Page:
Here are a few projects that are currently in the works: A coalition of chapter members with harm reduction and drug reform allies are working to expand Good Samaritan laws nationwide. We have plans to launch an anti-stigma campaign, and are forming a bad date list working group with contributions from other sex workers orgs. Finally, we are planning to begin reviewing and assessing the various PROS Networks (directories of service providers, legal, medical, and mental health professionals who are capable of providing non-judgmental, client-centric oriented care to individuals in the sex industry) SWOP chapters have established around the country, and identifying how similar service networks can be implemented in more regions.
How is SWOP-USA funded, and how are SWOP-USA’s funds used? Is there any way for community members to access SWOP-USA financial statements?
SWOP-USA is funded by individual donors, grants, and fundraising events and campaigns. We’ve published our 2014 financials (and that of prior years) on our Guidestar profile, and are in the process of creating financial statements and an annual report for 2015.
Since SWOP-USA is a 501c3, non-profit, National acts as a fiscal sponsor to local chapters. We file taxes on behalf of our chapters. Something we’ve been putting a lot of time and energy into is developing better tools and protocols for tracking finances on a local and national level. Money that is earned by chapters (through events, donations, and the like) is earmarked for their use.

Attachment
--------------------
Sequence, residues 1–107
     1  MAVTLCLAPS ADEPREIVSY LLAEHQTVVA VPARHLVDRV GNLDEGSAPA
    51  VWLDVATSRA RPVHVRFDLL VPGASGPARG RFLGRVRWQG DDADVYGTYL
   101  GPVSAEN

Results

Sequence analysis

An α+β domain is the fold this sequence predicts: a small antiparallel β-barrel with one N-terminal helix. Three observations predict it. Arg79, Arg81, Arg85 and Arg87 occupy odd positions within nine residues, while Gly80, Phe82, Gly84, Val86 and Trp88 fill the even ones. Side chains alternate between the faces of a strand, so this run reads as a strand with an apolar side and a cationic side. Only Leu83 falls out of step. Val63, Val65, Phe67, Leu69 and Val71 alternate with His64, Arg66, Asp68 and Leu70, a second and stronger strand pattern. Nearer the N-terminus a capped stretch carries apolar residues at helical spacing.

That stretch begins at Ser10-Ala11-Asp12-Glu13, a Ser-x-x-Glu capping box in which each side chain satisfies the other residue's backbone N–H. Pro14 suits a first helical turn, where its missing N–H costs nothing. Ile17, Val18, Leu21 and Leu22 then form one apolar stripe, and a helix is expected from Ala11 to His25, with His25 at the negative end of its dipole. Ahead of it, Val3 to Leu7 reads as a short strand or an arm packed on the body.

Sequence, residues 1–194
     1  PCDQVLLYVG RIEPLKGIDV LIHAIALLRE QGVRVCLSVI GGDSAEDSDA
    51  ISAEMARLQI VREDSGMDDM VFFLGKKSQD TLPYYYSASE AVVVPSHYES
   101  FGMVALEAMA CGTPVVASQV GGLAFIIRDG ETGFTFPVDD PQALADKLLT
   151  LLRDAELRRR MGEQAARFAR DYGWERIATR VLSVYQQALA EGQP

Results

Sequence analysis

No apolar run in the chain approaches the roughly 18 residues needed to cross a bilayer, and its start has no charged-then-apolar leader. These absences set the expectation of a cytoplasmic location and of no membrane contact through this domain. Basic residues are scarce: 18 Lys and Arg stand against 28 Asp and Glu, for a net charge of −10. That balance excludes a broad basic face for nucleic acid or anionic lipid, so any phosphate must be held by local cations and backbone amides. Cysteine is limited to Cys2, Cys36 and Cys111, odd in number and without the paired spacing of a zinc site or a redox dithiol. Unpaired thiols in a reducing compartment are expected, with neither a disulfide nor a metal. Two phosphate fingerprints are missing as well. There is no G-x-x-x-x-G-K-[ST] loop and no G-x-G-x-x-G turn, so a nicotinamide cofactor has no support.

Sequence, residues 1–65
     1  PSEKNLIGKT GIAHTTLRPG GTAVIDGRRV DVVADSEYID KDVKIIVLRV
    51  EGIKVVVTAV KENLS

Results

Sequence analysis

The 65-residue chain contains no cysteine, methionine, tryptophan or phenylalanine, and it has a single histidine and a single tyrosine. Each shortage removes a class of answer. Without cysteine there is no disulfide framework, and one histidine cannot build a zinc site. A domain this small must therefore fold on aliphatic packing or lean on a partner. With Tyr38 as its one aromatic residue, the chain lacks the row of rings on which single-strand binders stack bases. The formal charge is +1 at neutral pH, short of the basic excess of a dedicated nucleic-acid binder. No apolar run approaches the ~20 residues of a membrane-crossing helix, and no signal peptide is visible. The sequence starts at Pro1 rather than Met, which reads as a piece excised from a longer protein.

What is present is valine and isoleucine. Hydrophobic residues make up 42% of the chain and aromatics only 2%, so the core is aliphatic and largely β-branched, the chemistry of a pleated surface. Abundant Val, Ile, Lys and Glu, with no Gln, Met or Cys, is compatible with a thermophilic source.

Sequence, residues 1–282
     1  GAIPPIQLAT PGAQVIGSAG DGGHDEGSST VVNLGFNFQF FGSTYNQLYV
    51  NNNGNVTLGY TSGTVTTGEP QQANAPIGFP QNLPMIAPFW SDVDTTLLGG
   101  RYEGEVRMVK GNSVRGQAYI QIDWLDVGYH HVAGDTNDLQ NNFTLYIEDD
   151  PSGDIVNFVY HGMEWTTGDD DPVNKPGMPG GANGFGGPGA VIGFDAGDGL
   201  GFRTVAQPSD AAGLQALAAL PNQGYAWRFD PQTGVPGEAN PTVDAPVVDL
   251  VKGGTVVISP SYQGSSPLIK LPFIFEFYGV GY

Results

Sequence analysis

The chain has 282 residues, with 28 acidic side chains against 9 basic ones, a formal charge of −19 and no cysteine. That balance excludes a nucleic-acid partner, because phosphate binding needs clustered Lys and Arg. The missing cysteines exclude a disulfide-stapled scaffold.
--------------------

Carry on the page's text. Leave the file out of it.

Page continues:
The vast majority of our funding goes straight back to chapters. In 2016, we will disperse $25,000 to our chapters through several funding categories. This funding is available to all chapters, and even to individuals and outside groups whose missions are in line with our own. A portion of funding will be going into the development of AR/AO [anti-racism/anti-oppression] materials and accessible governance models,[…]and we also wish to provide basic advocacy training for all of our chapters. A large portion of our resources are always spent on event and conference coordination, as a way to raise awareness and offer our members opportunities to network, speak, and connect.
This year, we’ll be allocating a large chunk of funding to support members who want to attend Desiree Alliance. We’ll also be holding our board retreat right before Desiree, to try and reduce the cost of travel. Since we work remotely and are scattered all over the country, finding at least one time a year to get together face-to-face is a critical part our cohesion.
On a national level, SWOP’s 2016 funding priorities include bringing on paid part-time personnel and contractors to tighten up the ship, provide consistency, and help us develop the training materials we need to create training for our broader community. We have recently hired a communications director, a chapter coordinator, and two grant writers. We prioritized hiring from within the sex worker community, but for reasons […] around privacy and safety, do not require people to publicly disclose their history with sex work.
Are the many one person SWOP chapters cropping up representative of SWOP-USA—do these small chapters interact with your national organization at all?
Ha, I’m always a little bemused and delighted when I hear about a SWOP chapter popping up that none of us knew about. It’s indicative to me of the desire people have to plug into something bigger, and the “just do it” attitude a lot of sex worker activists posses.